Since this entire case may be resolved on state constitutional grounds, abstention seems particularly appropriate here. Plaintiffs are challenging the validity of state statute on state constitutional grounds. There are no reported cases that have considered § 57.011 in light of Art. I, § 21, nor is there any definitive guidance as to how the Supreme Court of Florida would rule if presented with this issue. Thus, the validity of the statute is uncertain. Ibarra v. Bexar County Hosp. Dist., 624 F.2d 44, 47 (5th Cir. 1980); see also Johns Manville Products Corp. v. Doyal, 510 F.2d 1196, 1198 (5th Cir. 1976), citing Reetz v. Bozanich, 397 U.S. 82, 86, 25 L. Ed. 2d 68, 90 S. Ct. 788 (1970); Harman v. Forssenius, 380 U.S. 528, 534, 14 L. Ed. 2d 50, 85 S. Ct. 1177 (1965); Gray Line Motor Tours, Inc. v. City of New Orleans, 498 F.2d 293, 298 (5th Cir. 1974); Moore's Federal Practice, 0.203 (2d ed.); C. Wright, Federal Courts § 52 (2d ed.). The state courts have not had the opportunity to address this issue in the past, and it would be awkward for this Court to rule on this matter of first impression. While the statute seems clear on its face, Plaintiffs have made a plausible argument that it violates the Florida Constitution. Where a state statute is clear, but there is a fair possibility that it violates the state's constitution, abstention is proper so long as the state constitutional provision is not "the mirror of the federal one." Herald Co. V. McNeal, 553 F.2d 1125, 1130 n.8 (8th Cir. 1977). See also, Examining Bd. of Engineers Architects & Surveyors v. Flores de Otero, 426 U.S. 572, 598, 49 L. Ed. 2d 65, 96 S. Ct. 2264 (1976). In this case there is no similar provision in the federal Constitution.
While "we . . . cannot ignore that abstention operates to require piecemeal adjudication in many courts . . . thereby delaying ultimate adjudication on the merits for an undue length of time," Baggett v. Bullitt, 377 U.S. 360, 375-79, 12 L. Ed. 2d 377, 84 S. Ct. 1316 (1964), in this case, Plaintiffs claims stem from various law suits which have been brought, and which Plaintiffs intend to bring, in state courts. Thus, this litigation became more piecemeal when the parties attempted to drag the federal court into their dispute. The state court should have the first crack at this issue. This may actually save time by avoiding shuttling back and forth between state and federal court, instead of delaying the ultimate disposition of this case.
This Court will accordingly abstain from any further proceedings in this case until the parties have had the opportunity present to the state court the issue of whether Fla.Stat. § 57.001 violates Art. I, § 21 of the Florida Constitution. Should the Plaintiffs choose to submit all of their claims to the state court, they should feel free to do so. National Ass'n for the Advancement of Colored People v. Button, 371 U.S. 415, 83 S. Ct. 328, 9 L. Ed. 2d 405 (1963). Plaintiffs may, however, reserve their federal claims for adjudication by this Court, should such adjudication become necessary. England v. Louisiana State Bd. of Medical Examiners, 375 U.S. 411, 421-22, 11 L. Ed. 2d 440, 84 S. Ct. 461 (1964).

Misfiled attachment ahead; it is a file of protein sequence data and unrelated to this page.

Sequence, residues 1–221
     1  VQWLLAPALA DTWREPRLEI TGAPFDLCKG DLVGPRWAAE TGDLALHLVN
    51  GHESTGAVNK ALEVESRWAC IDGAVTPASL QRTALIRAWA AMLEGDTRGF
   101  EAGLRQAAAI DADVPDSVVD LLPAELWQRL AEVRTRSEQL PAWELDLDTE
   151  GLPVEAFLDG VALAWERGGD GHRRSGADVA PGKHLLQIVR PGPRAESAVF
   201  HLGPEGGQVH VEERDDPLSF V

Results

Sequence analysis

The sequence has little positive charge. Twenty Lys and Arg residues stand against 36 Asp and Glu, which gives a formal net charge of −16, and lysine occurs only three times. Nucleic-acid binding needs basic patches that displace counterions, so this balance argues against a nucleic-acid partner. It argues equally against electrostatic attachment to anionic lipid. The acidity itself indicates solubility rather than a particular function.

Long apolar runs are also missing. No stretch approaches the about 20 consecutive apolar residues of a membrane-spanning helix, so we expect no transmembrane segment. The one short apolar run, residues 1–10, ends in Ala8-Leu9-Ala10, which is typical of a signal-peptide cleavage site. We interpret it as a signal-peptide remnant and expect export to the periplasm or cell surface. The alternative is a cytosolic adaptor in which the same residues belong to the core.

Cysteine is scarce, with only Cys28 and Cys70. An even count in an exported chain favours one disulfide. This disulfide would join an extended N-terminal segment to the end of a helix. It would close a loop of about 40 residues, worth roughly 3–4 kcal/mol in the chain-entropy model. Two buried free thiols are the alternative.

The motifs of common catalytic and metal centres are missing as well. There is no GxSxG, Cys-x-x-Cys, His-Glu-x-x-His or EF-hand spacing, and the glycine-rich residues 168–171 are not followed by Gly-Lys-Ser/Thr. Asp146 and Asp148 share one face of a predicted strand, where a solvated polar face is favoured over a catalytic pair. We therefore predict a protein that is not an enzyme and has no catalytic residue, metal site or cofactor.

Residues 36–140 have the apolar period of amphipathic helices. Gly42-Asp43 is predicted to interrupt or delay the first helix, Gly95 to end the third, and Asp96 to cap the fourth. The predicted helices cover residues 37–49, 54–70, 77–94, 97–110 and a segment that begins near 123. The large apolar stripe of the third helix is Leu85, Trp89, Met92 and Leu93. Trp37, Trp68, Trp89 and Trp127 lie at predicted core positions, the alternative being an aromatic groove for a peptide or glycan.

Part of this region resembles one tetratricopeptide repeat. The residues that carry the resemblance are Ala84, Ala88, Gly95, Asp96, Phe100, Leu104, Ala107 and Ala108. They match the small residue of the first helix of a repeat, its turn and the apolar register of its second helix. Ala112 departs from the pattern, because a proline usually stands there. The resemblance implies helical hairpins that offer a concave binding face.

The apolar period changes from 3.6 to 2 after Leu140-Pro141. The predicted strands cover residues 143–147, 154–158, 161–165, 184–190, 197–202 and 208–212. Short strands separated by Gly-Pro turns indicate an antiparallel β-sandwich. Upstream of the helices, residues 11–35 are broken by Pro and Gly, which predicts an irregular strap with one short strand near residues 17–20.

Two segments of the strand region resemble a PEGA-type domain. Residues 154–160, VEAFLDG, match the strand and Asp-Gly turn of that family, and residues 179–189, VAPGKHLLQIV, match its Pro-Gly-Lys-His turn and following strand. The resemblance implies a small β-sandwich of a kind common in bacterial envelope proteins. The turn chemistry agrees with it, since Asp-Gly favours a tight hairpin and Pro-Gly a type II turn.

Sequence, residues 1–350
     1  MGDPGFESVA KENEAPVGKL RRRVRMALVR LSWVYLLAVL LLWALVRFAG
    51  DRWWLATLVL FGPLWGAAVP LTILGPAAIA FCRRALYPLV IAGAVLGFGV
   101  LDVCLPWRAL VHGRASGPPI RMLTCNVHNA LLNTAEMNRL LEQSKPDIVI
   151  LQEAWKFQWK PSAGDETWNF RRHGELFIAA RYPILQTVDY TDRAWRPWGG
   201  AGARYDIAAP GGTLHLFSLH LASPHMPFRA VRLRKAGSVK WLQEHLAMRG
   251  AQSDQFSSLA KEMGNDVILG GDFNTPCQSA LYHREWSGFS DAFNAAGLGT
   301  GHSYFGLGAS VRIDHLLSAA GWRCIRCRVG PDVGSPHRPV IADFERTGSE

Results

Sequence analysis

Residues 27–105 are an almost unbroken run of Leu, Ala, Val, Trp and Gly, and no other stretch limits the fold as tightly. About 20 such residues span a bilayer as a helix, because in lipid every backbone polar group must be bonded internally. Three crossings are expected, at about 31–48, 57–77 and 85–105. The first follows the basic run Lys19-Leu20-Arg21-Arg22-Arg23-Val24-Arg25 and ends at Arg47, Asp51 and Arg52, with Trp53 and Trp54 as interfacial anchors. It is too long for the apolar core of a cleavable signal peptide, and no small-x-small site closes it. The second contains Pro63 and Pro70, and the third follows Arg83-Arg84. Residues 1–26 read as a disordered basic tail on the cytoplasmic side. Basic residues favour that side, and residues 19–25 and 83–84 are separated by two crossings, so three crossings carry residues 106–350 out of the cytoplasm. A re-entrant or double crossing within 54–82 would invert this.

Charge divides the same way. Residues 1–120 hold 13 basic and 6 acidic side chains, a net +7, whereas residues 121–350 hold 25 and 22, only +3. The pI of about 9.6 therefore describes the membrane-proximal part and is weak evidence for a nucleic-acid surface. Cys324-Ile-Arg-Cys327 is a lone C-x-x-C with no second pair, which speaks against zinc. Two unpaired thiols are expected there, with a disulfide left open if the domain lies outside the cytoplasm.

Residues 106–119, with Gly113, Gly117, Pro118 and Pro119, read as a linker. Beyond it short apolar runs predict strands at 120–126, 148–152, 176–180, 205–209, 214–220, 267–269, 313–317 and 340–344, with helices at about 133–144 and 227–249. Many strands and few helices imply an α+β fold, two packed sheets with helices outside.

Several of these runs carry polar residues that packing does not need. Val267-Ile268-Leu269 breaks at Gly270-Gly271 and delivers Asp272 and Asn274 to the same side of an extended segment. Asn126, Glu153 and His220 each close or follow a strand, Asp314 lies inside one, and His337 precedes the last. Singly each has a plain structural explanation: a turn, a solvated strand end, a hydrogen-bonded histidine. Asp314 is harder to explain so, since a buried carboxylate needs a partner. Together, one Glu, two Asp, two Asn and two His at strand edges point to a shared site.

The Court has reviewed the motion and the record, and being otherwise duly advised, it is hereby:
ORDERED and ADJUDGED that as follows:
1. Plaintiffs' Motion for Preliminary Injunction, filed on January 5, 1996, is DENIED without prejudice;
2. Pursuant to the doctrine announced in Railroad Commission of Texas v. Pullman Co., 312 U.S. 496, 85 L. Ed. 971, 61 S. Ct. 643 (1941), this Court hereby ABSTAINS from any further proceedings in this matter pending the resolution of Plaintiffs' state court claims in state court;
3. All proceedings in this matter are STAYED;
4. Plaintiffs are directed to file status reports with this Court every three (3) months, outlining the progress of the state court proceedings;
5. Should this matter be resolved such that this the federal issues in this case become moot, the parties shall notify this Court immediately;
6. Should the state court finally deny the relief sought by Plaintiffs, Plaintiffs shall move this Court to reopen this case;
7. This case is CLOSED for administrative purposes.
DONE AND ORDERED in Chambers at Fort Lauderdale, Florida, 26th day of February, 1996.
JOSE A. GONZALEZ, JR.
UNITED STATES DISTRICT JUDGE